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Passporting: What is it? And why will Brexit matter?

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Passporting: What is it? And why will Brexit matter?

Passporting: What is it? And why will Brexit matter?

The potential implications of Brexit for the financial services sector in the UK are vast, particularly as much of UK law is from, or is heavily influenced by, the EU. A major concern for UK financial institutions is the awaited loss of “passporting” rights.

“Passporting” currently gives British financial institutions the right to offer their financial services anywhere in the EU and in the European Economic Area (EEA) by virtue of being based in (and regulated in) the UK without incurring the expense or inconvenience of obtaining additional licences in other member states. It is estimated that over 300,000 financial passports are at risk once Article 50 is triggered and the UK begins negotiations to leave the EU.

In January 2017, Theresa May confirmed that the UK will not seek to remain a member of the single market. Accordingly, the UK will not be a member of the EEA after leaving the EU and UK financial institutions will inevitably lose passporting rights, unless alternative access to such financial markets is somehow agreed before the UK exits the EU. The Prime Minister suggested that the UK will attempt to keep a certain degree of flexible market access following its departure from the EU, although it is very unclear as to whether the UK will seek to simply replicate the existing passporting arrangements or rely on “third country” regimes.

Third country regimes and equivalence

A “third country” (when interpreting EU legislation) is a jurisdiction that is not part of the EEA (as the UK is expected to be following its departure from the EU). There are currently only two EU legislative acts that contain provisions allowing financial institutions based in such third countries to gain access to EEA markets and in both cases, the acts contain a precondition that the third country’s regulatory regime has been deemed to be “equivalent” to that of the EU.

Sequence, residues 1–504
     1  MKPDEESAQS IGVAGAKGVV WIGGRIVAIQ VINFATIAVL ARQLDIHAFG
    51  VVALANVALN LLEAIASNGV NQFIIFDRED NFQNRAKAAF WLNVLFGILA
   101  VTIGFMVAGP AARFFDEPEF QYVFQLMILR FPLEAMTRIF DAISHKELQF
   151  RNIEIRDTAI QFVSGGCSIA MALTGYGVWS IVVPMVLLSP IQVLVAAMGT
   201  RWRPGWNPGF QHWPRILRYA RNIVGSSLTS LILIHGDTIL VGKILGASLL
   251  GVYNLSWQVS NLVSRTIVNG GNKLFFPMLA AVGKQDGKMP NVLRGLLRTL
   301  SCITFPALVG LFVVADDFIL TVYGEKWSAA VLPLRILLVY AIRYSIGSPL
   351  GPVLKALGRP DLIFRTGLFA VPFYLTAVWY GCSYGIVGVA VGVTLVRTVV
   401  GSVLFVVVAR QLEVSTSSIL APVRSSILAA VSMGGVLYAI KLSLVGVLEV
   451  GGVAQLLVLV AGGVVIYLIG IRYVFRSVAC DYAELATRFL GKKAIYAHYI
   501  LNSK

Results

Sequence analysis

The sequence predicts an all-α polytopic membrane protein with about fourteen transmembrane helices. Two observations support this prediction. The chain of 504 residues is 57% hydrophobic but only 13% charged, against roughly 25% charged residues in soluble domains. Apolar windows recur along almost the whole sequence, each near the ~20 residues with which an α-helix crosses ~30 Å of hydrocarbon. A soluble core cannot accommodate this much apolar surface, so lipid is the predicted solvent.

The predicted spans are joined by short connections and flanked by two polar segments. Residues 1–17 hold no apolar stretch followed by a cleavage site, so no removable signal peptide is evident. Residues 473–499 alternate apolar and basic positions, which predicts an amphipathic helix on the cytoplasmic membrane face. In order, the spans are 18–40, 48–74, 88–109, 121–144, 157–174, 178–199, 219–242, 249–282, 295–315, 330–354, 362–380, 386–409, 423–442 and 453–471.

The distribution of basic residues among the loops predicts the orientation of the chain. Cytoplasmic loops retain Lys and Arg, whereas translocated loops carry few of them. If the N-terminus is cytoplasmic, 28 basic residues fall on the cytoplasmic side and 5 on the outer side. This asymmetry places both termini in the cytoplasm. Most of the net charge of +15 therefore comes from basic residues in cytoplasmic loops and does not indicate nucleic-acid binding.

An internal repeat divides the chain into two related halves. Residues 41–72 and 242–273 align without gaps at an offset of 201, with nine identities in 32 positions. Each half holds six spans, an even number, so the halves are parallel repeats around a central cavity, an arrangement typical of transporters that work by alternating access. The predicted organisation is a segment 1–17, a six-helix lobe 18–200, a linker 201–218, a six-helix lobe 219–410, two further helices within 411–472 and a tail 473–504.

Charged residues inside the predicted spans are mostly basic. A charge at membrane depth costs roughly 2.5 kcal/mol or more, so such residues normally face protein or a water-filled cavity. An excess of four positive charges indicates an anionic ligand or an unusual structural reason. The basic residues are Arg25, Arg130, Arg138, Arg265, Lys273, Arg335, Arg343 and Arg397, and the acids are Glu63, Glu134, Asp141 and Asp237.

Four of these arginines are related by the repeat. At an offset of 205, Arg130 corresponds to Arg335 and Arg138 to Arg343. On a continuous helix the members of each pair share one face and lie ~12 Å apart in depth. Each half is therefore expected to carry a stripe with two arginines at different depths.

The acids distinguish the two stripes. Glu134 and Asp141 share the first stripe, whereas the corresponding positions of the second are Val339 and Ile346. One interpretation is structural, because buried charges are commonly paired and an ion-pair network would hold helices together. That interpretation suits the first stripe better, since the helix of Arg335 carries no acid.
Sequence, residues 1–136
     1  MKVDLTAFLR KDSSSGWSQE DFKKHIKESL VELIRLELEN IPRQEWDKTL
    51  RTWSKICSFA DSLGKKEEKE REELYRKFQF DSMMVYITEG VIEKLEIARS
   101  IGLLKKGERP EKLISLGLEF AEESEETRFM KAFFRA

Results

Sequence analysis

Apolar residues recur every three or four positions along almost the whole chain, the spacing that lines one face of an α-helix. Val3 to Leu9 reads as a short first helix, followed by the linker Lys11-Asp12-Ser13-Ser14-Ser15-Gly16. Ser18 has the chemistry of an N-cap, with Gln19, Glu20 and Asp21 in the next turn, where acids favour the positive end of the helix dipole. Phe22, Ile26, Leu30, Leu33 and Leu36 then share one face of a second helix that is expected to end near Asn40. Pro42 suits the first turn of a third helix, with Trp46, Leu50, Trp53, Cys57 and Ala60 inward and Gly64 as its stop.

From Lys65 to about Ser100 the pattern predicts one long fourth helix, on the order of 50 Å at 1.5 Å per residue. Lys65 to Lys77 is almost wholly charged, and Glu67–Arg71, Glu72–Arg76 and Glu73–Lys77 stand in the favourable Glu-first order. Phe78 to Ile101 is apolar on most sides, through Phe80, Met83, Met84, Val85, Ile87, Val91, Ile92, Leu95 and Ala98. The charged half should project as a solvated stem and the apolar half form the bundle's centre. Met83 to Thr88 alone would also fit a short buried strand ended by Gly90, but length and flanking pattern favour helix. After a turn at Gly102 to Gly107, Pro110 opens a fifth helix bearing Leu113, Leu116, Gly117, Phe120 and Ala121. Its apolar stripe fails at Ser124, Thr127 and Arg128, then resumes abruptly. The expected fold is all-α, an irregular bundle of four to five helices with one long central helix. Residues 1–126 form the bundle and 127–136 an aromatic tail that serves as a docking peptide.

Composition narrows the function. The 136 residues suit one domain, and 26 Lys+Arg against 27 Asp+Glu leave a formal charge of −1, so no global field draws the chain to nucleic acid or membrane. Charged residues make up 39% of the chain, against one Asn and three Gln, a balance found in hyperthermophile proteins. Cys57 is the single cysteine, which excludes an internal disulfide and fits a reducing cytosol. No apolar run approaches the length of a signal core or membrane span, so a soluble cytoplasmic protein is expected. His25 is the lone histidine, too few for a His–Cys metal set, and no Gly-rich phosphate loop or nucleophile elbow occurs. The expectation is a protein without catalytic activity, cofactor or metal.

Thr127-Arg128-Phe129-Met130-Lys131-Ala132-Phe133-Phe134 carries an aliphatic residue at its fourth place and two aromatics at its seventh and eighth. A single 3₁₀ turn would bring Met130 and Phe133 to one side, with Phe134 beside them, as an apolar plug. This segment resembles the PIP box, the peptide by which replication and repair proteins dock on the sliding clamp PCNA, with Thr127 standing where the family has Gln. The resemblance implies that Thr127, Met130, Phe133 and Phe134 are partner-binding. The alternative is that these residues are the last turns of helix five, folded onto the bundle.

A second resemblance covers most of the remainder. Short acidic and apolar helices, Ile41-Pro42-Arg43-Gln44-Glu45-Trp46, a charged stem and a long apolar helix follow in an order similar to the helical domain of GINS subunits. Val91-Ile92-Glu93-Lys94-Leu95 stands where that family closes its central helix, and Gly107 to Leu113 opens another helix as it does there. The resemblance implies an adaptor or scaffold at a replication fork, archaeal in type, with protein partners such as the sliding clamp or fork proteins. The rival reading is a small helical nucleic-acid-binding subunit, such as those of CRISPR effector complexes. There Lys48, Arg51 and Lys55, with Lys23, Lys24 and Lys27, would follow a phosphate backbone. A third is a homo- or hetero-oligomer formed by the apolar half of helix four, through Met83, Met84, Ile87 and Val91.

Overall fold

Unfortunately it is unclear as to whether the UK would be deemed to be an equivalent regime once it becomes a third country. The UK has implemented EU financial services legislation as a member of the EU so it would appear to be a relatively straightforward process for our regulatory regime to be considered equivalent. However, this process is likely to be extensive and (as the European Commission ultimately decides on this) it will be subject to political considerations. A big weakness with “equivalence” is the fact that the UK would have to preserve regulatory rules equivalent to the EU to benefit from it without a say in how such regulations may change in the future which seems unfeasible given the government’s move towards a “hard-Brexit”.

Other potential forms of access

UK financial institutions could incorporate a separate group company in an EU member state and obtain authorisation to carry out financial services from the local regulator and use its passport rights to provide cross-border services and activities in the EU. However this is likely to be a very expensive and laborious process; the more complex the financial institution’s business is, the longer it will take to obtain authorisation from the local regulator.